by Alan McArthur
There has not been a formal recommendation from the staff at the Park Hill School District regarding a proposed sewer line from Union Chapel Elementary.
However, Sue Lange, a resident who lives near the proposed sewer line, said she received a letter saying the district staff intends to recommend using gravity fed sewers over other options.
The district had originally recommended using gravity fed sewers, but began looking into other options after neighbors expressed concerns with mandatory fees and charges for neighbors required to connect to the sewer. The line would run 1.7 miles and cost the district $1.25 million to construct.
After construction the line would be turned over to the Platte County Regional Sewer District (PCRSD) for maintenance.
Recently the district was presented with several on-site solutions for treating sewage from the school without having to construct a sewer line.
Lange questioned whether the district was being responsible with their money by spending $1.25 million on the gravity fed sewers over an on-site option of $165,000.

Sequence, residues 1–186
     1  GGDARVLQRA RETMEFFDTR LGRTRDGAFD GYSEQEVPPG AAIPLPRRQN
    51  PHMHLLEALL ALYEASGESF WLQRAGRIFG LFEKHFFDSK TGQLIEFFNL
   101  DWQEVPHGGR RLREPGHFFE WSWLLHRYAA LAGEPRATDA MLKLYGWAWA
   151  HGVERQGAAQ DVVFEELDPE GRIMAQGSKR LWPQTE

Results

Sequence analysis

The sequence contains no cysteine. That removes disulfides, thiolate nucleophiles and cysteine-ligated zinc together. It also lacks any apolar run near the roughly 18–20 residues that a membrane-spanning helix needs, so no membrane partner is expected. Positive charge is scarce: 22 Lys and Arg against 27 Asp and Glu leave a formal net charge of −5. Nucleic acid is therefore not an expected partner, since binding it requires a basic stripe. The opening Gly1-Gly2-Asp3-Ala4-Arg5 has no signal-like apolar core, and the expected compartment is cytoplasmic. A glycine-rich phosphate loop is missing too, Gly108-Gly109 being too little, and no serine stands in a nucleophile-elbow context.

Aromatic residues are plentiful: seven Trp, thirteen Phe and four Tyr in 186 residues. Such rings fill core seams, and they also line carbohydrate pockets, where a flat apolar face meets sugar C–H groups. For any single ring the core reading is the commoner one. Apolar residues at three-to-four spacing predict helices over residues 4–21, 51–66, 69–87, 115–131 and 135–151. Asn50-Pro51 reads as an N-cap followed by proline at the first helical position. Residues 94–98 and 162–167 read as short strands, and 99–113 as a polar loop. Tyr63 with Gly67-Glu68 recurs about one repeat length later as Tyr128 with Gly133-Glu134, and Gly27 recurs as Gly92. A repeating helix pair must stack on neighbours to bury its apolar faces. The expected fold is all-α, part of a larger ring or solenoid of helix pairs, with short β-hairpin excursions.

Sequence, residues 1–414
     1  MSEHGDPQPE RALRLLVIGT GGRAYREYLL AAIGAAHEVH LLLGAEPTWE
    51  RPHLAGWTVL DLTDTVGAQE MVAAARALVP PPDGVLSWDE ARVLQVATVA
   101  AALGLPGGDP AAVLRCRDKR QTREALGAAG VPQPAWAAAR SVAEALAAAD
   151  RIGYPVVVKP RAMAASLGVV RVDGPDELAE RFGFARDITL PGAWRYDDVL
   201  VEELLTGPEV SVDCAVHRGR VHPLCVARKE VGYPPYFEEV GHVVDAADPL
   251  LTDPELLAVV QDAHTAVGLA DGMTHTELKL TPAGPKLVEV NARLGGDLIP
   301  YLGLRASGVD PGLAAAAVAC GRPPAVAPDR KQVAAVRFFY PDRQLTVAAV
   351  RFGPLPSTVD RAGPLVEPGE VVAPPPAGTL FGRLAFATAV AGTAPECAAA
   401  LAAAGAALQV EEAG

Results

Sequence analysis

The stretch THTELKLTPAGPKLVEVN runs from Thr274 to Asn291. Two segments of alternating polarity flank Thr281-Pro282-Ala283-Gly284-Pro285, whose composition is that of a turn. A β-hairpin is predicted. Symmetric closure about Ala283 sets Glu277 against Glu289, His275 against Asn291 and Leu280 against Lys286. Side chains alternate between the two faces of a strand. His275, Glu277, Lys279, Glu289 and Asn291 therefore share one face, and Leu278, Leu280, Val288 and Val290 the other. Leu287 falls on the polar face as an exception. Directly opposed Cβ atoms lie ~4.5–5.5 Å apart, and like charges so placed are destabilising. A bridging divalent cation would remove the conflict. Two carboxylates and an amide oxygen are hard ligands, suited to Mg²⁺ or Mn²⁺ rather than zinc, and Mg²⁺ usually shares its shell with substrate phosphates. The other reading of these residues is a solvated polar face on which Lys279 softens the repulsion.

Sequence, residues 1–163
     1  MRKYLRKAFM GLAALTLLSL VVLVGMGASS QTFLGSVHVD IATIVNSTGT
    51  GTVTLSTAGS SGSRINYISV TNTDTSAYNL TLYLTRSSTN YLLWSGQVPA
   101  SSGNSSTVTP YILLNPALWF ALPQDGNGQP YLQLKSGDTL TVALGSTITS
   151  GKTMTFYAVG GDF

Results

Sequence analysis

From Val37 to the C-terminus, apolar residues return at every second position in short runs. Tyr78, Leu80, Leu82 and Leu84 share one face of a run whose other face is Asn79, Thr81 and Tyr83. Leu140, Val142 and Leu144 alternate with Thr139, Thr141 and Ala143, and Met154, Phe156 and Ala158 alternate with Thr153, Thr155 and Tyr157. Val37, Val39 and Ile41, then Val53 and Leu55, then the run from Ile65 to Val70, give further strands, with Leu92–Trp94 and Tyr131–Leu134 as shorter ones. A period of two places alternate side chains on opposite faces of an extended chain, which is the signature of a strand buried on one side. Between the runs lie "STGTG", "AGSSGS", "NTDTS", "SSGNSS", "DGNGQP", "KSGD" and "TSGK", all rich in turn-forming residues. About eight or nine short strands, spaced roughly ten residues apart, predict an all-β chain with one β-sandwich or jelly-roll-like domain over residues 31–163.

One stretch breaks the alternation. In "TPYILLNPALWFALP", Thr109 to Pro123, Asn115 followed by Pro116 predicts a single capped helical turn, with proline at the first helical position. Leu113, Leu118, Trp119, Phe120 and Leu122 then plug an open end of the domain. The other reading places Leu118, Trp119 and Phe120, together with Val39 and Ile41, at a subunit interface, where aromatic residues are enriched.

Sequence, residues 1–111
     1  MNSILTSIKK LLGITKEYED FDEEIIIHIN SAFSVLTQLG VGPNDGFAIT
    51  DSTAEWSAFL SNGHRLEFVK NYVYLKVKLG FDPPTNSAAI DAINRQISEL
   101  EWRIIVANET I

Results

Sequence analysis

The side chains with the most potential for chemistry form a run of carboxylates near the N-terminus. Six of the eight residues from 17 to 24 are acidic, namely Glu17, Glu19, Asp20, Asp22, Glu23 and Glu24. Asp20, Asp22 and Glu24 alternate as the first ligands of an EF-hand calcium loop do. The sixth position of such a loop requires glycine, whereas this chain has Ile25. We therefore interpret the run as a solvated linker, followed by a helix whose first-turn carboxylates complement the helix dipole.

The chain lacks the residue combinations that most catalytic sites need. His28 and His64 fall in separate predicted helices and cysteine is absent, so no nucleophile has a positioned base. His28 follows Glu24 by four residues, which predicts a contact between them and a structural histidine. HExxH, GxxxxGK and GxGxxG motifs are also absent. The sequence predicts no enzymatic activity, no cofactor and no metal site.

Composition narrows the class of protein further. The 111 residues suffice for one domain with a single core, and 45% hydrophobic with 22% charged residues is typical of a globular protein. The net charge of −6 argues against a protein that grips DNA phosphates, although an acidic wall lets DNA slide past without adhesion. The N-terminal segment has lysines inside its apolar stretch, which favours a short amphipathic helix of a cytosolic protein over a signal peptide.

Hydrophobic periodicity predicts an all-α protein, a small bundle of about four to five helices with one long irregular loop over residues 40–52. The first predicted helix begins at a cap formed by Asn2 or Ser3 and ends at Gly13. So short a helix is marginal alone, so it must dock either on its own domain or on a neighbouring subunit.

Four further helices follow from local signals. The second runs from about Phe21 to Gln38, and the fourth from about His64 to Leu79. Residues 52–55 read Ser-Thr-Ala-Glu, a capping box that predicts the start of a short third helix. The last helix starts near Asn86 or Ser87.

Lange said the district had other options which would not cost the district as much money over the long run. She pointed to a recent code of conduct approved by the board of education.
Part of the code states, “I will demonstrate fiscal responsibility in allocating resources in support of the district's Vision, Mission, Values (VMV) and goals.”
A recent study by SK Design Group recommended the district use an on-site option called a membrane biological reactor (MBR) with an initial cost of $979,298 and a 30-year cost of $2.2 million.
The Park Hill School District estimates the 30-year cost for a gravity fed sewer system would be $1.57 million.
Another option studied by SK Design Group was for a holding tank with a cost of $104,520 for construction; however the 30-year cost would be $3 million.
District officials may make a recommendation to the school board at the next meeting on Thursday, June 11.